Relaxing health mandates gave us a false sense of security and a feeling that the pandemic is basically over, but Dr. Bogoch told us “We are not there yet.” Doctors at all levels are literally begging us to continue wearing masks. Unfortunately, as the old saying goes; you can lead a horse to water, but you can’t make it drink.
Post-Pandemic Canada: A House Divided ~ Opinion April 2022
The protest in Ottawa was all but forgotten in the news cycle when it became busy reporting on the next horror story, the war in the Ukraine. Hopefully, the people who called Prime Minister Trudeau a tyrant have had their eyes opened to what a true dictator looks like personified by Vladimir Putin. The leaders of the occupation have been let out of jail and the truckers quietly given back their keys. However, all is not well. Canada’s population is more polarized than before the pandemic.
Conservatives and liberals in Canada display animosity similar to that of republicans and democrats in the United States. People have divided into camps, “unfriending” each other based on who are vaxxed or unvaxxed and whether they were for or against the anti-mandate protests. Our polite tolerance of each other’s different views has waned.
Populism is a political approach that appeals to ordinary people who feel their concerns have been disregarded by the established elite. In a democracy, people have the legal right to demonstrate peacefully. However, the truckers’ “Freedom Convoy” was hijacked and exploited by far-right extremists. The populace who may have had real grievances were drowned out by extreme social conservatives. The police, the politicians and mainstream media were vilified by prominent protesters.
Right-wing conservatism opposes pluralism and advocates a return to an idealized traditional society. White nationalists blame minorities and prey on the fears of people angered by wealth inequity who are seeing their lifestyles eroded by rampant inflation. Visible minorities were conspicuously absent from the protest in Ottawa. Were they afraid of the underlying racist element? Or, are immigrants more grateful to Canada because they were not born with a sense of entitlement and do not take their new, peaceful lives in a democracy for granted? Some who have fled war were dumbfounded to see protesters, people who have never experienced war, playing war games, building barricades and shouting “Hold the line”. Yet they were not among the brave Canadians who joined Ukraine’s foreign legion in an actual fight for freedom.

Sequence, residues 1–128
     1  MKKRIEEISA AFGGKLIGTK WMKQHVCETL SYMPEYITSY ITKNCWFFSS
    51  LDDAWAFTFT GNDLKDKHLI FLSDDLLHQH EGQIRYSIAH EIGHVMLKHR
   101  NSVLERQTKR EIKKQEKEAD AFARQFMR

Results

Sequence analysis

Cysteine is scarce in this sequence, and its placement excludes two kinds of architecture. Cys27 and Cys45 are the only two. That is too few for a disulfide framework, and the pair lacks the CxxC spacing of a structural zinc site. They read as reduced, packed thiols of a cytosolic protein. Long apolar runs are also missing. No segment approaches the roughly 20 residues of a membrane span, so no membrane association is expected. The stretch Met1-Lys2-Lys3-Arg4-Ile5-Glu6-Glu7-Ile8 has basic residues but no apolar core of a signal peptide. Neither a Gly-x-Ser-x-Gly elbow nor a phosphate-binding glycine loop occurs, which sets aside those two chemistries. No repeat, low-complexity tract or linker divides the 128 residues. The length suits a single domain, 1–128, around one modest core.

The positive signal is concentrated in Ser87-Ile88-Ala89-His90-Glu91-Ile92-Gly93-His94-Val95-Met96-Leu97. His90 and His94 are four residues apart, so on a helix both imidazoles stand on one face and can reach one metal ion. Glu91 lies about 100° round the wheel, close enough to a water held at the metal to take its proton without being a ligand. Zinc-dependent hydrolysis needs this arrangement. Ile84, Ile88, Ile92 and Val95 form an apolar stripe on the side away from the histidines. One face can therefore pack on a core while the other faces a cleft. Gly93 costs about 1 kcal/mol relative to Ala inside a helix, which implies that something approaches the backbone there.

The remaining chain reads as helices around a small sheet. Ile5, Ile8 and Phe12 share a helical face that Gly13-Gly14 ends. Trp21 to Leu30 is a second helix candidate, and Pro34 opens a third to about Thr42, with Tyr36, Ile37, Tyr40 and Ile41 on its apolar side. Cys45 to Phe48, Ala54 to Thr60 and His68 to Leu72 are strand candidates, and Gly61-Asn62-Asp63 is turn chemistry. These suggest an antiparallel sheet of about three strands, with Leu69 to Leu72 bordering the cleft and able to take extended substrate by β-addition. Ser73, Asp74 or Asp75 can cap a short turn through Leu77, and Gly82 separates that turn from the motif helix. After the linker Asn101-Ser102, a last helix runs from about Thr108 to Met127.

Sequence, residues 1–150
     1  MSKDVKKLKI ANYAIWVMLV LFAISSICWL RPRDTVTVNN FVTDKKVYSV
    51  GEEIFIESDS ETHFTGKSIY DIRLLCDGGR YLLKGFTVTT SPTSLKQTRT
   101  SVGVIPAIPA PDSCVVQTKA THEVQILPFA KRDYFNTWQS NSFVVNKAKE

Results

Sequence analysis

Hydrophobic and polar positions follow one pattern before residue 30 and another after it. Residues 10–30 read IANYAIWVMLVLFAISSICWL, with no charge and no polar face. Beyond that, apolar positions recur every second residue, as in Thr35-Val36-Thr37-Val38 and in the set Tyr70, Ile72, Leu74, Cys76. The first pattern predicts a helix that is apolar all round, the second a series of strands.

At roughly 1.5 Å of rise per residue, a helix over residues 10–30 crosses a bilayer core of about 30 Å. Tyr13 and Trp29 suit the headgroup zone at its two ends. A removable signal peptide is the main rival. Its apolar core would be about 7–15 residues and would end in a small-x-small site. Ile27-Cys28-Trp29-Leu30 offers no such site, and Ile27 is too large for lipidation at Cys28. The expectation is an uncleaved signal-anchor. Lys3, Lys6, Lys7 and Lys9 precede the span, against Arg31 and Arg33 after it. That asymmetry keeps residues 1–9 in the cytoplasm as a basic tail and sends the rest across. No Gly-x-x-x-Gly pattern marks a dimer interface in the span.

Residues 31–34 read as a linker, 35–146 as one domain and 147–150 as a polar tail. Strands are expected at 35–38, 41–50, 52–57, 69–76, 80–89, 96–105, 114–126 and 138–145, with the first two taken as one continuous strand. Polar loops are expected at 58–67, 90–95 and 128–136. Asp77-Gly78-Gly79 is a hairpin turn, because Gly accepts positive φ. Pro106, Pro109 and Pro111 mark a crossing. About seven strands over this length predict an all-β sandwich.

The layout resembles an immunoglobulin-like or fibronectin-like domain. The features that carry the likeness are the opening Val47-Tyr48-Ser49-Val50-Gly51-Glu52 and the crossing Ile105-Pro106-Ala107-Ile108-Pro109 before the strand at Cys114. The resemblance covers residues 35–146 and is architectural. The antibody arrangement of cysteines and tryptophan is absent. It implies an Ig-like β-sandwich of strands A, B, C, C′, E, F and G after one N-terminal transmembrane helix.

Across Canada, people were glued to their televisions, shaking their heads in disbelief, waiting to see how the protest would end. But has it ended? Anti-mandate advocates were subdued for the time being when most Covid-19 restrictions were lifted. However, like the stealthy virus, they lie in wait, ready to erupt again if rules are reinstated due to a surge from a new variant.
What did our youth learn by example from the illegal protest in Ottawa? If they don’t want to do what their teachers say, do they now believe they have the God-given right to protest loudly, disrupt the whole class and disrespect authority figures with impunity? Anti-Semitism has been rearing its ugly head in TDSB elementary schools of late. Were racists emboldened by the swastikas amidst the inverted Canadian flags, so uncomprehending children feel that it is okay to mock their Jewish teachers with a Nazi salute?
At the beginning of the pandemic, people seemed to have increased empathy for one another having a “We’re all in this together” attitude. Health workers were hailed as heroes. As people started to lose patience, the mood soured. Individual freedom started to matter more than collective rights. Exhausted nurses and doctors found themselves maligned, heckled and threatened. An “us versus them” attitude emerged.
Tribalism, a fervent loyalty to one’s own social group, is widening the gap between Canadians of different persuasions. We pay lip service to the great Canadian ideals, diversity and inclusion, but anger and hatred against “the other” is rampant on social media and increasingly evident in our society. Alas, Canada is losing its innocence.
Rights and Freedoms in a Democracy ~ Opinion March 2022
The “protest” in Ottawa resembled a massive block party complete with bouncy castles, barbeques, drinking and blaring music. Letting off steam after two years of Covid restrictions, the protesters seemed to be thoroughly enjoying their moment of fame. However, out of sight of the cameras, a more radical faction strove to embolden the “movement”.
In their “Memorandum of Understanding”, the self-appointed leaders of the “protest” turned “occupation” in Ottawa, initially advocated the overthrow of our democratically elected federal government. How could such extremism attract throngs of normally law-abiding citizens? Believing they were in a noble fight for “freedom” against “tyranny” and on the right side of history, the truckers disrupted the lives of their own families and the communities they invaded. They vowed to remain until all their poorly thought-out, diverse demands were met. No compromise would satisfy them.